Rolling into Middle Age

one year of ROCK PAPER RADIO, many decades for this misfit dispatch writer

ROCK PAPER RADIO is a dispatch for misfits & unlikely optimists by your favorite hapa haole, beet-pickling, public radio nerd. It’s a weekly email newsletter that shares three curiosities every Thursday - something to hold on to (that’s the ‘rock’), something to read (that’s the ‘paper‘), and something to listen to (you guessed it, that’s the ‘radio’). Themes include but are not limited to: rebel violinists, immortal jellyfish, revolution. Thanks for subscribing and spreading the word.
I spent my birthday surrounded by extraordinary humans from my past and current lives: teaching, public-radioing, HIGH SCHOOL. My Man of Honor from my wedding who I’ve known since I was 16 made sure to walk my dog over to piles of popcorn so she could eat them off the ground. And, of course, these fine ladies, my Lesbian Book Club, who are frequently featured in this newsletter. Counterclockwise from our selfie photographer: Yosh, Mellina, Mariya, Jen, Paula, Karen, Danielle, Moffett, Keri, and me with Radley in the middle feeling all the love. Keri made semi-frightening stickers with my face on them and everyone wore them on their shirts and it was the best.


There’s a fine line between being a quirky iconoclast and a nutty old lady when you’re rolling into your fourth decade on shoes with wheels. Lucky for us, UK-based producer Laura Irving doesn’t care about our judgements and was bold enough to share her furtive nighttime adventures in teaching herself how to roller-skate with the listeners of the Third Coast International Audio Festival.

Here’s her gorgeously sound-rich, 5-minute journey through intrusive thoughts on how ladies are supposed to age, to a tennis court-turned-roller rink, to freedom: Quiet Revolution.

This piece deservedly won Third Coast’s Best New Artist award in 2017. If you’re feeling inspired after listening, let me know if you want to meet on a Seattle playground this summer to see what old bodies are still capable of.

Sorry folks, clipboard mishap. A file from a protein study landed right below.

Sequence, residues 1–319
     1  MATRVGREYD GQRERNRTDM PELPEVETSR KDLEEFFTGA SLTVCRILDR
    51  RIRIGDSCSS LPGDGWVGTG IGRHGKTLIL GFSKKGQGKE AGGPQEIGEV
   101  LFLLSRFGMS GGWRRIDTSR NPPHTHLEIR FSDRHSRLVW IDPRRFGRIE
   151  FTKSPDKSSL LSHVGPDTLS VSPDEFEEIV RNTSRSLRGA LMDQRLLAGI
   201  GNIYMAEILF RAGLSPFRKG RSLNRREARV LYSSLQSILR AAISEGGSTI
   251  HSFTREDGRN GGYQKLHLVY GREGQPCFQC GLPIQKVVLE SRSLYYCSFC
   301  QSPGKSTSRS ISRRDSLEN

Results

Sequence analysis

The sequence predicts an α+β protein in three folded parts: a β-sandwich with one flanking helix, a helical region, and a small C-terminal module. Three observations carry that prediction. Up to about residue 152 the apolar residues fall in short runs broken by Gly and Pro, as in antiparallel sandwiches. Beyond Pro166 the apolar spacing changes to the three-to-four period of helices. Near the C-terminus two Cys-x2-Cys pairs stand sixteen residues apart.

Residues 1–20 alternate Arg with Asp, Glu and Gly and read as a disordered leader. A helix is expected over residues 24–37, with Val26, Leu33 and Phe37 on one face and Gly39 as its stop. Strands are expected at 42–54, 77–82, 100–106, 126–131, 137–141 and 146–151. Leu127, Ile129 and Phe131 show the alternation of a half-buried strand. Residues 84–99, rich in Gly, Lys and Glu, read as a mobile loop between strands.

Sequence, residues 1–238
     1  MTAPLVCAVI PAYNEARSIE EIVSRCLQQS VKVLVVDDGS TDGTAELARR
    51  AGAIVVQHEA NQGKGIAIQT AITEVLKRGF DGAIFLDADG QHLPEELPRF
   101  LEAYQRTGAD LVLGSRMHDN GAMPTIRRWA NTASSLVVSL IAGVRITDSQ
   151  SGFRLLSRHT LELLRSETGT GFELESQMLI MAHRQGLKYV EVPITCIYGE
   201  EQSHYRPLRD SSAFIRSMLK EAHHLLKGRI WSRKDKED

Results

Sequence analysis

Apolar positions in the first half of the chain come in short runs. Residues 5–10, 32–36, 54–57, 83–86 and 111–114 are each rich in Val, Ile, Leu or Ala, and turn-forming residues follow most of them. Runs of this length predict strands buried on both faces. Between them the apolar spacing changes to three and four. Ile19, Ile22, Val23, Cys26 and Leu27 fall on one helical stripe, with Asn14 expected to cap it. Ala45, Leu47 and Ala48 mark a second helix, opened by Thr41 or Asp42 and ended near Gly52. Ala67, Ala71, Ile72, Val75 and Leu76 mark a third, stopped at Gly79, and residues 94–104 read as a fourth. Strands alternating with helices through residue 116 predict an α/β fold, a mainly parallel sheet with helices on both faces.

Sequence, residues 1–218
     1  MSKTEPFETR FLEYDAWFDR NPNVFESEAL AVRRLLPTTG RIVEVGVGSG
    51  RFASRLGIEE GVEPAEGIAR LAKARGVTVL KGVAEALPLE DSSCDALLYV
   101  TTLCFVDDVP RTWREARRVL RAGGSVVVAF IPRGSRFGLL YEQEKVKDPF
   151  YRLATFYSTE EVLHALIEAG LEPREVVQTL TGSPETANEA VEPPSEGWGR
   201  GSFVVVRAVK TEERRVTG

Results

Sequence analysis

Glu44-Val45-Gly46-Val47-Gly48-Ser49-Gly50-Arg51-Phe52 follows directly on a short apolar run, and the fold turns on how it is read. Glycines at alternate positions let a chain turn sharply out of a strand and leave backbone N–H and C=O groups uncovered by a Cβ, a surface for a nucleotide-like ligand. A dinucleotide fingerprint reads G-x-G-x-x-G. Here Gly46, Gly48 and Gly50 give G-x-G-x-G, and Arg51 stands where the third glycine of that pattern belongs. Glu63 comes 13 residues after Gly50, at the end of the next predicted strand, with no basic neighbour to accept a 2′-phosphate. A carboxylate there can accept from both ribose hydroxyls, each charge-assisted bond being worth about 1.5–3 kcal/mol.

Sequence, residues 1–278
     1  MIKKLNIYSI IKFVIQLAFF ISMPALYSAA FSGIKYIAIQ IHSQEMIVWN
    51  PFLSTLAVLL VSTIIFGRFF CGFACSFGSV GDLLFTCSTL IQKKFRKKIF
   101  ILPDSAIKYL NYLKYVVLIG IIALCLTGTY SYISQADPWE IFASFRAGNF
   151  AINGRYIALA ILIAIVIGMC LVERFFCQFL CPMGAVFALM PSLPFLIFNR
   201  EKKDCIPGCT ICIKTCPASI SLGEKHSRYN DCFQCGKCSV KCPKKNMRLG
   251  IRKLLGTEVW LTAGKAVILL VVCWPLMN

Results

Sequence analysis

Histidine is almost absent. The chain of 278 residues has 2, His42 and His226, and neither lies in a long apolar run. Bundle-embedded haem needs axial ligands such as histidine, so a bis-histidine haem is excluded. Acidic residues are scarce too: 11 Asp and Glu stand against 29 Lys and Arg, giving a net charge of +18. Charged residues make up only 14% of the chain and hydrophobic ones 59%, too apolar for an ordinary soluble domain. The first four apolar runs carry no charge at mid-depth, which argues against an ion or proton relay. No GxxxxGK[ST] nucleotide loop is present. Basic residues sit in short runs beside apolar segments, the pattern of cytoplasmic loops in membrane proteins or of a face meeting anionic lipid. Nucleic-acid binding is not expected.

I was never a gymnast, but I was a nationally competitive swimmer until I quit in a glorious and freeing teenage rage at 14. It was in honor of my younger self’s angsty self-care that I devoured every word of Rebecca Liu’s essay for The Guardian on her childhood as a champion twirler: ‘A lesson in loss, humility and absurdity’: how rhythmic gymnastics took over my childhood.

This beautifully written piece is as much about the ridiculousness of putting pre-teen girls in lipstick and leotards and demanding they dazzle adults, as it is about Liu’s life as a Chinese immigrant and woman reckoning with her aging body and glorious past.


Last Sunday, Keri Ironwoman Zierler killed it at her first triathlon, and then the very next day a media boat at the Tokyo Olympics thwarted the start of the men’s triathlon when it opted to try to get the Big Opening Shot, instead of, you know, getting out of the way of the race. Half of the athletes dove in and started swimming their guts out. The other half remained on land, looking at the huge boat blocking their dreams like, what the hell?

How are these two things related? I’m not sure, but after cheering Keri on last weekend and seeing the 15-mile bike portion of the race which was unfathomably plotted around a gigantic hill, if I were on a starting block getting ready for one of these races with the whole world watching, I would be hoping with all of my swim team-quitting heart that a boat would get in my way too.

Here’s the video of the debacle from NBC, via NPR: Media Boat Blocks Triathlon Racers, Forcing An Unusual Restart In Tokyo. If one more big ship gets itself into trouble by blocking an important path, let’s officially say 2021 is the year of The Bad Boat.


That’s a wrap on issue 51, friends. Thanks for listening, reading, holding on.

It’s officially been one year of ROCK PAPER RADIO! And…just before I recently found myself on the other side of my next decade, this happened, SO, celebrations and so many big thanks are in order.

I’m all about noting anniversaries/making New Year resolutions/wishing on birthday candles—but mostly it all comes down to the pause that I love. So with that, I just want to take a sec to say to all 200+ of you who’ve become part of ROCK PAPER RADIO’s crew over the last twelve months, that you all are a part of what makes me feel like a normal-ish human in a world that, it turns out, is actually filled with a lot of us who feel weird a lot of the time.

When I launched this dispatch in the middle of Pandemic Summer I, I didn’t know if there were many misfits and unlikely optimists out there who wanted a random collection of stories that catch my eye and ear in their inboxes every week, but here you are. A big awkward virtual hug to all of you for joining me on this ride, and here’s to the next year of stories to remind us all we’re a little less alone in the world.

See you next Thursday.


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